Herbert Weir Smyth [n.d.], A Greek Grammar for Colleges; Machine readable text [info] [word count] [Smyth].
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2086

With participles of cause or purpose, etc. ( cross2064, cross2065): ὡς. This particle sets forth the ground of belief on which the agent acts, and denotes the thought, assertion, real or presumed intention, in the mind of the subject of the principal verb or of some other person mentioned prominently in the sentence, without implicating the speaker or writer.

a. Thus, ἀπῆλθον ὡς νι_κήσαντες may mean either they departed under the impression that they had been victorious (though as a matter of fact they may have been defeated) or pretending that they had been victorious (when they knew they had been defeated). The use of ὡς implies nothing as to the opinion of the speaker or writer. On the other hand ἀπῆλθον νι_κήσαντες means that, as a matter of fact, and on the authority of the writer, they had been victorious.

b. ὡς may be rendered as if (though there is nothing conditional in the Greek use, as is shown by the negative οὐ, not μή), by in the opinion (belief) that, on the ground that, under pretence of, under the impression that, because as he said (or thought) ; in the hope of, with the (avowed) intention of (with the future participle).

c. ἐνταῦθ' ἔμενον ὡς τὸ ἄκρον κατέχοντες · οἱ δ' ου' κατεῖχον, ἀλλὰ μαστὸς ἦν ὑπὲρ αὐτῶν there they remained in the belief that they were occupying the summit; but in fact they were not occupying it, since there was a hill above them X. A. 4.2.5, ταύτην τὴν χώρα_ν ἐπέτρεψε διαρπάσαι τοῖς Ἕλλησιν ὡς πολεμία_ν οὖσαν he turned this country over to the Greeks to ravage on the ground that it was hostile 1. 2. 19, τὴν πρόφασιν ἐποιεῖτο ὡς Πι_σίδα_ς βουλόμενος ἐκβαλεῖν he made his pretence as if he wished (i.e. he gave as his pretext his desire) to expel the Pisidians 1. 2. 1, παρεσκευάζοντο ὡς πολεμήσοντες they made preparations to go to war (with the avowed intention of going to war) T. 2.7, συλλαμβάνει Κῦρον ὡς ἀποκτενῶν he seized Cyrus for the purpose (as he declared) of putting him to death X. A. 1.1.3, and often with the future participle. After verbs of motion ὡς is rarely used.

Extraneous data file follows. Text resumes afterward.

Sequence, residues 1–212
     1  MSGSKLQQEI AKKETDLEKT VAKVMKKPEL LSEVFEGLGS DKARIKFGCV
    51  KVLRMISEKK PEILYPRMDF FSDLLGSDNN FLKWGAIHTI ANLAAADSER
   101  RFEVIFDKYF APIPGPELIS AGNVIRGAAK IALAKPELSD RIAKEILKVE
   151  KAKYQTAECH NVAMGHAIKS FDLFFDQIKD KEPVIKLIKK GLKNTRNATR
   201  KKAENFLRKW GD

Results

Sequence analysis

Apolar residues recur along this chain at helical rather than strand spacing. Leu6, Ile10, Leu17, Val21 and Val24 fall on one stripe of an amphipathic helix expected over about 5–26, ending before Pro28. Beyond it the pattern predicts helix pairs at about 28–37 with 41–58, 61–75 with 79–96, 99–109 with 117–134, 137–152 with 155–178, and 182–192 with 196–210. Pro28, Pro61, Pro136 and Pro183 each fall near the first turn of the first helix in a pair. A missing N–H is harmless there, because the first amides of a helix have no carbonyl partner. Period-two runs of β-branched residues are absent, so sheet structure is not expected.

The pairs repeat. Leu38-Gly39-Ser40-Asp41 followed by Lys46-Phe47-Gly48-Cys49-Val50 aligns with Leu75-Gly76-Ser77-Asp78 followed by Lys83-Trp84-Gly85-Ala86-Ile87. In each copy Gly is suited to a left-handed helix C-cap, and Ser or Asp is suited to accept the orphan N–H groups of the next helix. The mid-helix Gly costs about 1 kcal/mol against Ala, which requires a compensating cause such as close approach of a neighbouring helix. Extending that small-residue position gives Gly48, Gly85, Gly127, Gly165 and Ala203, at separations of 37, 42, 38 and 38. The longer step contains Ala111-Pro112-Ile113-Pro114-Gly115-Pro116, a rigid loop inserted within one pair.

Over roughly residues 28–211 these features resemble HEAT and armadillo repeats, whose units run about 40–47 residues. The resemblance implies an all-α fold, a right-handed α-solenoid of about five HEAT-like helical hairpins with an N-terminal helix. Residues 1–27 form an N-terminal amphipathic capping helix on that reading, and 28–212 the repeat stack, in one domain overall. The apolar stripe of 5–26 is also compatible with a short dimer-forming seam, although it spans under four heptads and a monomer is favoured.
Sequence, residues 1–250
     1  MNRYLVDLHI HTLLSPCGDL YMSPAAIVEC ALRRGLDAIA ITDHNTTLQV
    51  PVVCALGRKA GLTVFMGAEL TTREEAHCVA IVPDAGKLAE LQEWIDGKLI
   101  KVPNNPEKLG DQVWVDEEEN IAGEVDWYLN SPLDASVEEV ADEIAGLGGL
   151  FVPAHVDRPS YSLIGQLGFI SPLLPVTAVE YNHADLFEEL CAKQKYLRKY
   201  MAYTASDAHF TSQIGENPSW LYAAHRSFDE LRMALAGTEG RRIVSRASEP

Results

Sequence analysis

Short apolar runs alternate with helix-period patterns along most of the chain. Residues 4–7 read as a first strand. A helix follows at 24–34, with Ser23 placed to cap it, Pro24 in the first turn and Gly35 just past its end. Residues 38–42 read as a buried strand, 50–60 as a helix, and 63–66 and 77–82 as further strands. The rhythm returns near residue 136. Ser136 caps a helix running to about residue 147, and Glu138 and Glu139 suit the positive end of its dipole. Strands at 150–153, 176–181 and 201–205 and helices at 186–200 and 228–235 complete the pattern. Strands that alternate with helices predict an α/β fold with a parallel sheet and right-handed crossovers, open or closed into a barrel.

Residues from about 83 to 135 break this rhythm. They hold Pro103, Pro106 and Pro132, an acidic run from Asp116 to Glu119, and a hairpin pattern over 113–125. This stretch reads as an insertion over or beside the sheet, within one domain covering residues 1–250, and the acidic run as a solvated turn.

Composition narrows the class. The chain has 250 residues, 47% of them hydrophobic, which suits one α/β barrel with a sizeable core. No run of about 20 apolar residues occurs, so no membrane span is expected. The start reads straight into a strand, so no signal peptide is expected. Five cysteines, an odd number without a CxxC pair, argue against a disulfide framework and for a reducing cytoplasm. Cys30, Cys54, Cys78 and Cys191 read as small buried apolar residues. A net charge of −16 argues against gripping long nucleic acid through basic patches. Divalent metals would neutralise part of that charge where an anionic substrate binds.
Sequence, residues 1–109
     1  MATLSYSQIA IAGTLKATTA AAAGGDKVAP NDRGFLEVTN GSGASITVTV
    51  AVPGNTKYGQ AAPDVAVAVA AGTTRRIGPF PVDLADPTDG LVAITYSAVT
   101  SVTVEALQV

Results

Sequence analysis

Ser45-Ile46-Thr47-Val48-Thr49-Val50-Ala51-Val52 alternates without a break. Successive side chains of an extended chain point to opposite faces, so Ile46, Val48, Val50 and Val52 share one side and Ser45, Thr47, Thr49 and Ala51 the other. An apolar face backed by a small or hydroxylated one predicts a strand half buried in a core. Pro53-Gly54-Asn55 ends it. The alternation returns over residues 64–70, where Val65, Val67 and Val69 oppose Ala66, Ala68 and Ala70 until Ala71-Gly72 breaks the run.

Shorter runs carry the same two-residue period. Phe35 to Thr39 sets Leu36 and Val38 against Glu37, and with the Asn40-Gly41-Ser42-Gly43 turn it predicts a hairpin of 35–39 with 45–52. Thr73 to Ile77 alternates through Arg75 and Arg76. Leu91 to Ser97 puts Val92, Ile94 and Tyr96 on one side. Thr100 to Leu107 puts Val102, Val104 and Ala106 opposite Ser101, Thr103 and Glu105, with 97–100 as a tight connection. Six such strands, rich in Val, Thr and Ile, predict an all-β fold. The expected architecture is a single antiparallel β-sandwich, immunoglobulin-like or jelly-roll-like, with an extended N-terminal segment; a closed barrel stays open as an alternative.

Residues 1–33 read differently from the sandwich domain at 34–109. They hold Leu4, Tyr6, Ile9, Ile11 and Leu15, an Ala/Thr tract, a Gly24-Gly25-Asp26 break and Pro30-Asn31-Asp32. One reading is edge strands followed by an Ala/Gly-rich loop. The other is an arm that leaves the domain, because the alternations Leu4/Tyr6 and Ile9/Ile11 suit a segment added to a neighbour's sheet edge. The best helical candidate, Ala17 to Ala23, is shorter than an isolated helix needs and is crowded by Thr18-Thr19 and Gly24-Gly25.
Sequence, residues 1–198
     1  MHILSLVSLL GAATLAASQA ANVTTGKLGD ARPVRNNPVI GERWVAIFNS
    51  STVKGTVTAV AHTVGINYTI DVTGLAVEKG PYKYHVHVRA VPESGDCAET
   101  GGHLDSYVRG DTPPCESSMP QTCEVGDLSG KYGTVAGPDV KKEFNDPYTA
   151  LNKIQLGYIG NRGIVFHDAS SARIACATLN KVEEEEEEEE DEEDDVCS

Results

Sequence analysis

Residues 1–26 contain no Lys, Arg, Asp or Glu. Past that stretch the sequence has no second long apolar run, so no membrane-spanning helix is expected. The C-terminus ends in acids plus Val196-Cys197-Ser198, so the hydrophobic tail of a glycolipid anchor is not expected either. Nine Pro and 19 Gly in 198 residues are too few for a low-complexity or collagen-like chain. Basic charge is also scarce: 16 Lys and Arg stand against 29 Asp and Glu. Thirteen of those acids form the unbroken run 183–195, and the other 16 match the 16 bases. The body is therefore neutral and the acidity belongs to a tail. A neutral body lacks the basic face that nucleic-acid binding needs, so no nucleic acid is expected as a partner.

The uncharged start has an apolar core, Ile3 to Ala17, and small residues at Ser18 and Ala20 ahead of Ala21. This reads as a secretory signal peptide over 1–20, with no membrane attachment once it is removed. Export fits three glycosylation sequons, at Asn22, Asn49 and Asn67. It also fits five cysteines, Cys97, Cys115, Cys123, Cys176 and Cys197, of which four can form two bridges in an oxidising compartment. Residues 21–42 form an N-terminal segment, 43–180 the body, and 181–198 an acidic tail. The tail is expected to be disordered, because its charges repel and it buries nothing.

d. ὡς with the absolute participle: οὐ δεῖ ἀθυ_μεῖν ὡς οὐκ εὐτάκτων ὄντων Ἀθηναίων we must not be discouraged on the ground that the Athenians are not well disciplined X. M. 3.5.20, ἔλεγε θαρρεῖν ὡς καταστησομένων τούτων ἐς τὸ δέον he bade him be of good cheer in the assurance that this would arrange itself in the right way X. A. 1.3.8, ὡς ἐξὸν ἤδη ποιεῖν αὐτοῖς ὅ τι βούλοιντο, πολλοὺς ἀπέκτεινον in the belief that it was already in their power to do what they pleased, they put many to death X. H. 2.3.21. Cp. also 2078, and 2122.

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Herbert Weir Smyth [n.d.], A Greek Grammar for Colleges; Machine readable text [info] [word count] [Smyth].
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